Local physician makes house calls

By Sylvania Advantage

“Cure is our mission,” notes Dr. Georges Jabaly, board-certified family practice physician, founder and director of MN Angels Clinic, 4405 N. Holland Sylvania Rd., an innovative practice offering a new, holistic approach to medicine. In addition to his mission, Dr. Jabaly believes that no patient should ever be left behind. In keeping with that philosophy he has initiated the almost forgotten medical practice of making house calls.

“We provide our patients the best health care and service possible,” Dr. Jabaly said. “And we can now make that same health care available to those home-bound patients. We will visit people who do not have transportation, are not mobile or have to depend on family members or others to come to the office,” he noted.

Maria Ley joined MN Angels Clinic last May bringing five years of experience in the home health care field and is working with Dr. Jabaly to develop this division of the practice. “With all of today¹s technology, we are bringing new age technology to the old school practice of making house calls,” she observed. “We started with one patient and now we have 14 people we see in their homes or apartments,” she noted. One of their patients is confined to a wheelchair while another is bed bound. Thanks to these house calls and other related home care services, both patients can remain in their homes.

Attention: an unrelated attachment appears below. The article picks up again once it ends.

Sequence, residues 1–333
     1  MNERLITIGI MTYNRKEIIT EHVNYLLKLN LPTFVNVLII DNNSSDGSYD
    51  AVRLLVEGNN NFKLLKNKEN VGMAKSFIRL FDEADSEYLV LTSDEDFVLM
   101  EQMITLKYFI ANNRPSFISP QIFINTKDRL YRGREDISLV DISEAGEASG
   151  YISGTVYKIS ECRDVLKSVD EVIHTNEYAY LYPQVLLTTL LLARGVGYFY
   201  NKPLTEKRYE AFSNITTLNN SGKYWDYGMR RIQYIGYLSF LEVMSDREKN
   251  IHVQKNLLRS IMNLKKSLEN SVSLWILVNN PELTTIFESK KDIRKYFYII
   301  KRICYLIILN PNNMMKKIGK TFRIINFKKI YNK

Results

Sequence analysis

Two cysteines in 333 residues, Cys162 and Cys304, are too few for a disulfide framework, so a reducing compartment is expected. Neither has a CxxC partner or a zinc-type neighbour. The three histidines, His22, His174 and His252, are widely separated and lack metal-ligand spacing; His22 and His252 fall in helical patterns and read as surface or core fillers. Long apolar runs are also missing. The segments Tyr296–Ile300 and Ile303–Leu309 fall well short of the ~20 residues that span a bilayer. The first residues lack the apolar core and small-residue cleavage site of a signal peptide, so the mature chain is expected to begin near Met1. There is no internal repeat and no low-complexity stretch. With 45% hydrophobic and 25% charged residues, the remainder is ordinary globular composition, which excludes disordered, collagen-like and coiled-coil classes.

While most of the patients are elderly, Mrs. Ley said she and Dr. Jabaly will schedule visits with anyone of any age who is unable to make visits to a doctor¹s office. “For example, we could see a child or a young adult who is disabled or even someone who suffers from agoraphobia,” she pointed out. “Just because these people cannot visit a physician for whatever reason does not mean they should not have access to health care,” she stated.